Monday, 10 September 2012

Generally poor breeding season in the eastern 'low' Canadian arctic

Realistically our first reliable assessment of how good or bad this (2012) breeding season will have been will be when Gudmundur, Magnus and others in Iceland get access to some of the large flocks in western Iceland which will happen in the coming days.

Kathy Dickson a senior waterbird biologist at the Canadian Wildlife Service has reported that although she has no direct information on the performance of species breeding in the high arctic (~75 degrees N +), terrible weather in the low arctic (Baffin Island latitiude) lead to a poor breeding year for many species. The team working on Atlantic Brant (which look like ours, winter on the eastern seaboard of the US and breeding on Baffin and surrounding islands) had difficulty finding enough families to ring and many of the adults (failed/non-breeders) were already moulted and mobile. I agree with Kathy that this abundance of flying adults are probably adults that we would classify as 'failed' breeders who, because they have no reason not to, moult early.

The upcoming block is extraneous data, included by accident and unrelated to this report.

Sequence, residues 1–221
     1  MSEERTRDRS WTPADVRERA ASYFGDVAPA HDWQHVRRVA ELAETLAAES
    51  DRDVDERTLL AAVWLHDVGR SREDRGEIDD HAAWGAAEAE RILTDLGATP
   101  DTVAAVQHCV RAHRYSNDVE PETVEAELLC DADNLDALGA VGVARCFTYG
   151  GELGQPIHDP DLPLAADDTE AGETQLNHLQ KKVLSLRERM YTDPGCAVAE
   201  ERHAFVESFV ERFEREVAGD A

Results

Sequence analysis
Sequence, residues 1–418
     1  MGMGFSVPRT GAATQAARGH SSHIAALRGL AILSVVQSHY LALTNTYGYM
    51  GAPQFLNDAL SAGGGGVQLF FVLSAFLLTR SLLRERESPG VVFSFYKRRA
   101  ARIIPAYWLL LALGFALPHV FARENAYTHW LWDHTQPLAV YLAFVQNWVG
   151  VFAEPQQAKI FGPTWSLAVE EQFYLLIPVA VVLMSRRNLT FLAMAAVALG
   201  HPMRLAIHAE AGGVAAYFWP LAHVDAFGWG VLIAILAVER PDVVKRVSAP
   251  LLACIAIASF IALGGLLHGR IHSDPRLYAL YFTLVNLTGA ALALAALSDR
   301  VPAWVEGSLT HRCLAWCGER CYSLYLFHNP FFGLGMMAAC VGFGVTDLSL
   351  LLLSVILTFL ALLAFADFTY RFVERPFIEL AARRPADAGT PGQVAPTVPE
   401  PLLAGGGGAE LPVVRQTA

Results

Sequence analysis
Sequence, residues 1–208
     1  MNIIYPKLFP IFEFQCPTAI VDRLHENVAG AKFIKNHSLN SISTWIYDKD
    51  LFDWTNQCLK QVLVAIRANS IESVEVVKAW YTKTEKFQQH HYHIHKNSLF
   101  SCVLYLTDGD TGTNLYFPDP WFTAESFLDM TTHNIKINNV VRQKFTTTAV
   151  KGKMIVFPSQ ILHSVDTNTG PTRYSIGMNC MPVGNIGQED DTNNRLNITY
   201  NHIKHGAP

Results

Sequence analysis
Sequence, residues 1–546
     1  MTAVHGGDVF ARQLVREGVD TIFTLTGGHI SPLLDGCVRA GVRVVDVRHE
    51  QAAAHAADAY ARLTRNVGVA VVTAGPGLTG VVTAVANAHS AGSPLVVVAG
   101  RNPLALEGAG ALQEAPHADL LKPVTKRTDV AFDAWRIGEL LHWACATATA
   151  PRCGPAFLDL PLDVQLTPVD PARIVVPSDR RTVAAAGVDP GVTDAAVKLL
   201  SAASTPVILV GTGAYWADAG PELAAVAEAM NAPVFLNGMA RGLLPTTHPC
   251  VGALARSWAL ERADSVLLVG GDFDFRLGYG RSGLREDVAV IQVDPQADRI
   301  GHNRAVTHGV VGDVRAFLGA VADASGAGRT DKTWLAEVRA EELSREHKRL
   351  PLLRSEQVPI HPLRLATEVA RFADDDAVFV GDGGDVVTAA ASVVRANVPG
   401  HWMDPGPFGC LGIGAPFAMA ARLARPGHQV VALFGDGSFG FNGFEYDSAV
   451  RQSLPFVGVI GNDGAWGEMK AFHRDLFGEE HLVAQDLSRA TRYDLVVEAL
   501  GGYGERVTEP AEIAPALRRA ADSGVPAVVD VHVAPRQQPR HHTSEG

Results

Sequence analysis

Early moulters are mobile more quickly and one would have thought would thus migrate earlier. It wouldn't be a huge leap in imagination to think that this may have happened for 'our' Brent also.

Thanks to Kathy for this insight from the low arctic Brant in Baffin!

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